A child-free friend of mine was telling me the other day about a night out with her sister, who has a baby roughly the same age as my Girly no2 (9 months). She had spent hours before their night out jollying her sister along to get her out of the door and drunk. She described how her sister didn’t know what to wear, then she didn’t like her outfit, then that her make up felt tired, then that her shoes were too high. Then when it came to leave she had a wobble and didn’t want to go – they were off out in London to be surrounded by beautiful, young cool kids. “I know exactly how she feels” I answered emphatically, knowing that my friend didn’t really understand and was probably a little annoyed at having to give her so much encouragement when she should just be grateful for being out. I recognised every feeling from my own first big night(s) out after having no1, and then I went through it again with no2. It wasn’t any easier the second time around, other than that I was expecting the discomfort – though I think that made it worse. London seems to be much worse than a night out in your local pub. Even having lived in London for 7 or so years, it feels intimidating. At 8 and three quarters months pregnant, we moved back to Hampshire where we had both grown up. It was totally the right decision for us, I love bringing our babies up surrounded by green, near parks, lakes, beaches and lots of other families. Plus being near their grandparents is vital, for their sakes, and ours. We wouldn’t get out at all if it wasn’t for them! But lots of our life is still in London – friends, work and things we enjoy doing. It means that we regularly go back. The difference now though is that I don’t feel the same there. I don’t feel quite cool enough to fit into London now. Whilst I’m not officially a country bumpkin and I haven’t quite got to the “that big bad city” feeling whereby I need to plan my journey to the end, don my walking boots and walk round with the tube map on a clipboard, I can’t just waltz in feeling like a Londoner now. I even haven’t got an Oyster card, even though they’re all but redundant now contactless cards exist. I feel like my clothes don’t fit right, even though anything goes up there. My make up feels weird on my face, even though you can be a 60-year old man in drag and people won’t gawp. I feel like I use the wrong words, even though I know that there is every nationality you could imagine, it’s like an after party at the Olympic Village, there is no common vernacular. I feel I have nothing exciting to talk about because the most exciting place I went this week is the soft play with the cow print slide, even though I know my friends and family think what I am doing is exciting in itself. The truth is that it’s not really about cool, about London, about the people or the outfit, it’s about me having changed and not quite knowing how to be cool with myself anymore. It’s hard when your life is so dramatically different to how it used to be. A few weeks ago I took the girlies to a baby dance class. The first part wasn’t so bad. We sat on the floor, picked out fluffy toys and sang the corresponding nursery rhyme. A little cringey when there are only two other adults in the room and you can her your own trodden-on-cat-like singing voice, but it’s do-able. Then we got to the one about the elephant and his nose and his knees and we had to stand up and do this weird dance. I should add here that we were in a glass-fronted foyer of a church where people regularly walk by. As we were bending down to touch our toes exposing our muffin-top mum tums in the worst possible way, a group of teenagers walked by in their uniforms and I just wanted to run and hide in the toilets. I imagined them all pointing and laughing and was taken back to being 13 and a Kicker-clad classmate asking me if I was still bought my shoes in Clarke’s. It was a foot stomp too far from cool for me. At 35 years old, and a mother of two, I am well aware that this is ridiculous. Singing and dancing for your children is cool, it’s exactly what they love. And I love doing it too. In my house. With no one watching. We love a kitchen disco. I just can’t bring myself to do the elephant stomp in front of see-through walls and a group of teenagers.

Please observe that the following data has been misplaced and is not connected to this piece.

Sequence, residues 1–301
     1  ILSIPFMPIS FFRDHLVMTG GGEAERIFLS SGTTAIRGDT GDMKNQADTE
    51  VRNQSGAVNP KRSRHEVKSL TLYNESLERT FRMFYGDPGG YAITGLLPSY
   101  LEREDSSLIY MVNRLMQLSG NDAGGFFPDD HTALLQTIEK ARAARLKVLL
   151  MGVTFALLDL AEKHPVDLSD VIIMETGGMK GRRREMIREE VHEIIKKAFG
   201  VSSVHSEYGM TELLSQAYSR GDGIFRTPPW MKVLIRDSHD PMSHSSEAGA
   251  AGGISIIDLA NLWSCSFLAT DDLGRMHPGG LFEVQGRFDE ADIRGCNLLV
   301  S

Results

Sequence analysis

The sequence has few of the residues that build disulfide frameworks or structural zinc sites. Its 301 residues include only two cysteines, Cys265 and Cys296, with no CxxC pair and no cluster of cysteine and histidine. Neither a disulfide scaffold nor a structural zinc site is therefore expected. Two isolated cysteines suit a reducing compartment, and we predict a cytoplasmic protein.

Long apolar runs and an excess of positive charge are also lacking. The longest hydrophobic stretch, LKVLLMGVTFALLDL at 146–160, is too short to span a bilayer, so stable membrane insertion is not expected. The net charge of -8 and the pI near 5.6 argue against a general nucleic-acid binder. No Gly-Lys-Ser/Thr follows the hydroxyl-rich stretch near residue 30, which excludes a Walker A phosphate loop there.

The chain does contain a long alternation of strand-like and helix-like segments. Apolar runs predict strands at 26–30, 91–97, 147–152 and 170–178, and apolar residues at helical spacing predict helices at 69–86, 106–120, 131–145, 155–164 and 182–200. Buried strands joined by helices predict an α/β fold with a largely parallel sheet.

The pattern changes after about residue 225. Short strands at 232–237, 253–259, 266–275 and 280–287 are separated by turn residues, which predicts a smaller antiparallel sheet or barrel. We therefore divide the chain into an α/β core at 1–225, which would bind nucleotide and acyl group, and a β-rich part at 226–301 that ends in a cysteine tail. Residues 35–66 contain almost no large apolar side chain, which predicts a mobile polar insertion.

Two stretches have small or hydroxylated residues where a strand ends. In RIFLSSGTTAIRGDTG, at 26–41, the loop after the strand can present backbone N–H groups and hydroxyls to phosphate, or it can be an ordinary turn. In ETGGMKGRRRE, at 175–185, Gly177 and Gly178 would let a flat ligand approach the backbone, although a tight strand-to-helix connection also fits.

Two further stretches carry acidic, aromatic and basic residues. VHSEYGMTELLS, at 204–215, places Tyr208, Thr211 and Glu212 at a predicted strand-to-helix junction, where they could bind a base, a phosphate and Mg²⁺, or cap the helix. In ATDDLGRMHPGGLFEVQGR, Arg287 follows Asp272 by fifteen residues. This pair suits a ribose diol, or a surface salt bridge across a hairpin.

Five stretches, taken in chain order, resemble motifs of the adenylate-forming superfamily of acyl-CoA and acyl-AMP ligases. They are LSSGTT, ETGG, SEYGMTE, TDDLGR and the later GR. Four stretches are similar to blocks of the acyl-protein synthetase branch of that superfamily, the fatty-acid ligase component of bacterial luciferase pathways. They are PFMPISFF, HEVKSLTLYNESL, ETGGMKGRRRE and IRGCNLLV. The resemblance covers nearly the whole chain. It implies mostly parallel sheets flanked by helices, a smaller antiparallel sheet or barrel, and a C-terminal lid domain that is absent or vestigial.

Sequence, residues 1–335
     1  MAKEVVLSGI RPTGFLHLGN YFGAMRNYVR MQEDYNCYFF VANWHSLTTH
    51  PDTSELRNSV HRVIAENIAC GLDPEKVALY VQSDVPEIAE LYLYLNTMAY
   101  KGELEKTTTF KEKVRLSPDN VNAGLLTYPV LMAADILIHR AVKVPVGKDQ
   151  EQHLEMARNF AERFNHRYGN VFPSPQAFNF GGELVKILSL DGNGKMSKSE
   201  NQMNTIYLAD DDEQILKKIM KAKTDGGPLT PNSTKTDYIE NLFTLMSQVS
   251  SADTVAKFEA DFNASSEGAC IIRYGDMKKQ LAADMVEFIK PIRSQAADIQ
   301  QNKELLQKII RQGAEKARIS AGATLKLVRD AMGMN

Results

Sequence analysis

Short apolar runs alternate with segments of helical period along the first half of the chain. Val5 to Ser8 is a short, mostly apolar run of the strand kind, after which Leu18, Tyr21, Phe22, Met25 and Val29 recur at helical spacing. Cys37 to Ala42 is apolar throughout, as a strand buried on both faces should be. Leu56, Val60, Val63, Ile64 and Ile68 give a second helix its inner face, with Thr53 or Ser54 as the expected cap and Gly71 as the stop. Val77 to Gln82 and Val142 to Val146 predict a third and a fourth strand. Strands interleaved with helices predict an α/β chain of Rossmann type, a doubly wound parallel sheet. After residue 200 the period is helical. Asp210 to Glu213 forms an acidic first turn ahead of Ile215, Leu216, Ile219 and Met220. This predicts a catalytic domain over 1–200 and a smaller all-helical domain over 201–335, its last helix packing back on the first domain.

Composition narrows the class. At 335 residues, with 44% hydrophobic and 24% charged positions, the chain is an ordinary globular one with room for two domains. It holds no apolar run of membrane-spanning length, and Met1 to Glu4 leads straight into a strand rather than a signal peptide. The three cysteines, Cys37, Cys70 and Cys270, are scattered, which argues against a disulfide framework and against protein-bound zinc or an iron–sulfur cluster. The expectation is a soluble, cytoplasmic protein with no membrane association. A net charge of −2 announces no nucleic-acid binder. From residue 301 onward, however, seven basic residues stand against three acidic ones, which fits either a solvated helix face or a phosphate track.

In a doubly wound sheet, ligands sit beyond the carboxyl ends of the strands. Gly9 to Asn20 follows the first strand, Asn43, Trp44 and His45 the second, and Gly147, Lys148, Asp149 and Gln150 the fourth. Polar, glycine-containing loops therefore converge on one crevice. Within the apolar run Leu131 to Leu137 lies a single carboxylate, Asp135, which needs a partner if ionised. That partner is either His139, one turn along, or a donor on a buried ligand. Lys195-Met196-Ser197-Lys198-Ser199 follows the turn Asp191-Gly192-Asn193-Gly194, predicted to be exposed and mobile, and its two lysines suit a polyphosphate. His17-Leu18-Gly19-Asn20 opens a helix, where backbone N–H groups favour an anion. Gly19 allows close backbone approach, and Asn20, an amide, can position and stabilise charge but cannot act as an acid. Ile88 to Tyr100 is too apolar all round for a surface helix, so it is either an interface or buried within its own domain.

As well as high waisted jeans, 4-inch heels and denim shorts with at least a finger lengths fabric either side of the gusset, I am no longer cool in lots of other ways. My purse has trebled in size – I need somewhere to put my Sparks, Advantage, Nectar, Body Shop and JoJo loyalty cards. I always carry a pack of tissues and some antibacterial hand spray – especially if in London! I have a paper diary to keep track of everyone’s commitments. I have a rain coat. I only wear thongs if I have to. I listen to radio 2, and embarrassingly, I enjoy some parts of Jeremy Vine’s show. Sister can list a load more things, as she thoroughly enjoys reminding me of all the ways I am no longer cool. I try and hang on to some shred of my old life with the little things. I keep up my Grazia subscription, even though I only read one in four. I always have a pedicure when my toenails need doing. I have a limited edition print pram. I have a handbag-looking changing bag (Storksak obvs!). I have Hunters with laces down the front for jumping in muddy puddles. And I only go the baby groups that I can bear…mum and baby yoga, swimming and baby sensory. Although even this last one breaches my new cool limits sometimes. I can’t help but feel like an idiot singing to a fluffy duck whilst my baby frowns and then looks the other way. Life is different now though. My need to be practical and fit in with my babies wildly outweighs my desire to be cool. The changes in me aren’t a negative, they just make it that little bit harder for me to be like I used to. I was reminded of this when my child-free friend asked me a few weeks ago, as she has for every festival we have been to together, which outfits I was taking to Latitude. It hit me like a bus that I didn’t even know what I had packed for myself, but I did know that I had 4 packs of wet wipes, a clean bed sheet for every night and up to four layers for each of the girls’ bed time outfits. For me I assumed it was the same stuff I normally wore to roll around on the grass in and maybe an extra necklace and a ring or two. When I opened my suitcase, I was right. I was in no danger of escaped pubic hairs sticking out of my too-short-shorts and nor would I suffer a ripped ear lobe from an irresistibly dangly earring. Practical but not cool.